Section 463 stipulates:


(1) If any Court, before which a confession or other statement of an accused person recorded or purportedly recorded under Section 164 or Section 281, is tendered or has been received in evidence, finds that any of the provisions of either of such sections have not been complied with by the Magistrate recording the statement, it may, notwithstanding anything contained in Section 91 of the Indian Evidence Act, 1872, take evidence regarding such non-compliance. If satisfied that such non-compliance has not prejudiced the accused in his defence on the merits and that he indeed made the recorded statement, the Court may admit such statement.


(2) The provisions of this section apply to Courts of appeal, reference, and revision.


According to Section 91 of the Evidence Act, 1872, if any matter is required by law to be reduced to the form of a document (such as recording of a confession or a statement under Section 164 of the CrPC), no evidence shall be given in proof of such matter except the document itself. 


Hence, when a Magistrate records a confession under Section 164 but fails to document compliance with the section's requirements, no evidence can be presented to demonstrate that such confession was indeed made to the Magistrate.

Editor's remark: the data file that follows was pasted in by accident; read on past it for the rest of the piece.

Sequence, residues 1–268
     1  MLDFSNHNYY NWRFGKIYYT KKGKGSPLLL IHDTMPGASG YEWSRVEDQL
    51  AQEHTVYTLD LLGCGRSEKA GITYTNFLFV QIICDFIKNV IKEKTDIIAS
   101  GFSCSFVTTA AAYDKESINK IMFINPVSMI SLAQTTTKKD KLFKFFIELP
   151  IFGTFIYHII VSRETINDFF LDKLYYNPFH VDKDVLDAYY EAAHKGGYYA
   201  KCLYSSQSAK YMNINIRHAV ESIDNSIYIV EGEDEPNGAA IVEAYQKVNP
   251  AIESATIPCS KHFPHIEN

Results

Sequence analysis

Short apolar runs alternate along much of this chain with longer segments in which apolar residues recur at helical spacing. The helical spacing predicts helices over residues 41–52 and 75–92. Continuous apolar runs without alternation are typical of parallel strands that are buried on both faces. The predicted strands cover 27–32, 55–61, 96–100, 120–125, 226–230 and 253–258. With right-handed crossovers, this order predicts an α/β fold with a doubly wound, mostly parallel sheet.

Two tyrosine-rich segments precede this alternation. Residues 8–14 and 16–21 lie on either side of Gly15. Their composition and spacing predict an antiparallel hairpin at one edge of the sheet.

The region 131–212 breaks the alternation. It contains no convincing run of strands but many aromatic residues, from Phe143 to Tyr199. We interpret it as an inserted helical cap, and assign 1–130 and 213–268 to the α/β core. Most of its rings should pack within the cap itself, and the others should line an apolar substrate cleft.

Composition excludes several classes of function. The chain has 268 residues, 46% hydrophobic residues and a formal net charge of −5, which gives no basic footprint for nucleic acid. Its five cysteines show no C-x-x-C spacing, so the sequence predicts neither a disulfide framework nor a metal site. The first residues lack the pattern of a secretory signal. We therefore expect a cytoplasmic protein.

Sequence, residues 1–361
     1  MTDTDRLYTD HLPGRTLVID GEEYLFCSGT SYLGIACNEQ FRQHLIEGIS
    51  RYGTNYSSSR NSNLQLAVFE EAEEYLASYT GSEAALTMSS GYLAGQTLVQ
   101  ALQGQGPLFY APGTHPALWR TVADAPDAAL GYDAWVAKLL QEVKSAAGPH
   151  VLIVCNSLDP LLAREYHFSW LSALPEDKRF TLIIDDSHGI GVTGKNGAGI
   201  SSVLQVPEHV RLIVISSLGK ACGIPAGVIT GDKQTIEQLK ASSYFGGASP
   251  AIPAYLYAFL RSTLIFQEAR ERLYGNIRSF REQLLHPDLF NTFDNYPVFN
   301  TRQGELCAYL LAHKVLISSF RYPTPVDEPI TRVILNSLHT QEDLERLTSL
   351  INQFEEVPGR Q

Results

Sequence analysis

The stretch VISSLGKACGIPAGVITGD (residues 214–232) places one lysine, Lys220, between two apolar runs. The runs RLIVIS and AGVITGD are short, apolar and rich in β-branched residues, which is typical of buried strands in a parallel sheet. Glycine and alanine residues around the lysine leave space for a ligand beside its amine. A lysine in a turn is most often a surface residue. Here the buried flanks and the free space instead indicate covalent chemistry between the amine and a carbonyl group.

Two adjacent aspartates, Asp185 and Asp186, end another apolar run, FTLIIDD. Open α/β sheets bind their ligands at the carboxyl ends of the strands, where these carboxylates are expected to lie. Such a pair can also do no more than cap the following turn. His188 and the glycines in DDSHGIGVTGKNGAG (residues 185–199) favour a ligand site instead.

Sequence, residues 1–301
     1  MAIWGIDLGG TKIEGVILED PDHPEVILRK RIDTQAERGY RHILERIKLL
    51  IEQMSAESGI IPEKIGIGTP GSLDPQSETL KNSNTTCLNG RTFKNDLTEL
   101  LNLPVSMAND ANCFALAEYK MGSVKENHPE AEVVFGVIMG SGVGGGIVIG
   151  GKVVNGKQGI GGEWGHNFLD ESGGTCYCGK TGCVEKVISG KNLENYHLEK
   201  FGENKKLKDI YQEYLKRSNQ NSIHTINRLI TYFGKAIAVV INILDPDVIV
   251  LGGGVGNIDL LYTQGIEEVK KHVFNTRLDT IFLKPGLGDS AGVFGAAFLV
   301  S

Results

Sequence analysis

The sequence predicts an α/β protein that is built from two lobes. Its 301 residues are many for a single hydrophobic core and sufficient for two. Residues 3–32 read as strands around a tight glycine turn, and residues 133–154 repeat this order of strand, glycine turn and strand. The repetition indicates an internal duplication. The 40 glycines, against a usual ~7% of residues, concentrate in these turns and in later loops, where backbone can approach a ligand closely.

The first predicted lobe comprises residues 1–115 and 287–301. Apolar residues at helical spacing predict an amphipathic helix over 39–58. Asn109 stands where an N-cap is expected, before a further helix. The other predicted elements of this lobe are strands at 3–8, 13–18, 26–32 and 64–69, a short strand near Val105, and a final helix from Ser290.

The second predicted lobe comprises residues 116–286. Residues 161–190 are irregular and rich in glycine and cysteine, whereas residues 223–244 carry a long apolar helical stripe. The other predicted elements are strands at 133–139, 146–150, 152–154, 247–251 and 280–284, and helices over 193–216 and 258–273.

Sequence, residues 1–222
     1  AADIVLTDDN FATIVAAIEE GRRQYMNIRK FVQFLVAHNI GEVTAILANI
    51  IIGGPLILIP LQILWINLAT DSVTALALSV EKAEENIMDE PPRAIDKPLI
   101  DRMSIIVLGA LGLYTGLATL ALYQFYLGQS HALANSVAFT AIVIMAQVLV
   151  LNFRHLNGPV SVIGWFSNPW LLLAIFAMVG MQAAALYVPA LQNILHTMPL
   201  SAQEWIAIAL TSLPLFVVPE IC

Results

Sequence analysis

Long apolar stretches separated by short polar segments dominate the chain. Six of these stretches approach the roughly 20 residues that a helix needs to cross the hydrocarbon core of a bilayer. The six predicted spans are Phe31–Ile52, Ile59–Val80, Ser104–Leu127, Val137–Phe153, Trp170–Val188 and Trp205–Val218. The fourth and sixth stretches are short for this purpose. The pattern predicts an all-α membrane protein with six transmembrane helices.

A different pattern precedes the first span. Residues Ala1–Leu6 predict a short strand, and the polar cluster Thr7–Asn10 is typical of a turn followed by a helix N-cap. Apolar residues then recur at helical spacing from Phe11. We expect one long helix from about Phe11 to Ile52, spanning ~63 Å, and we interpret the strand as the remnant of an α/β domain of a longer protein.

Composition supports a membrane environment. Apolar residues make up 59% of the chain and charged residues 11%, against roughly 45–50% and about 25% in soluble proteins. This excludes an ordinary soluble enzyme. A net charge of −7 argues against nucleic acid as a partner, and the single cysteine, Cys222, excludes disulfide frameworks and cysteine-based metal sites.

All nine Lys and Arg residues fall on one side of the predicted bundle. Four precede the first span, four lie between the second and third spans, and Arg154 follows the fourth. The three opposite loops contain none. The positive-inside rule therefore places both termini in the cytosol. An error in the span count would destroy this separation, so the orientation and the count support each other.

However, Section 463 allows admission of such evidence if: (a) the non-compliance with Section 164 did not prejudice the accused in his defence on the merits, and (b) the accused did indeed make the recorded statement. The phrase "duly made the statement recorded" holds significant importance. It has been established that if a Magistrate neglects to follow the procedure prescribed by that section;, oral evidence of the confession is totally inadmissible.

 
 



7 views0 comments

Recent Posts

See All

Commentaires


bottom of page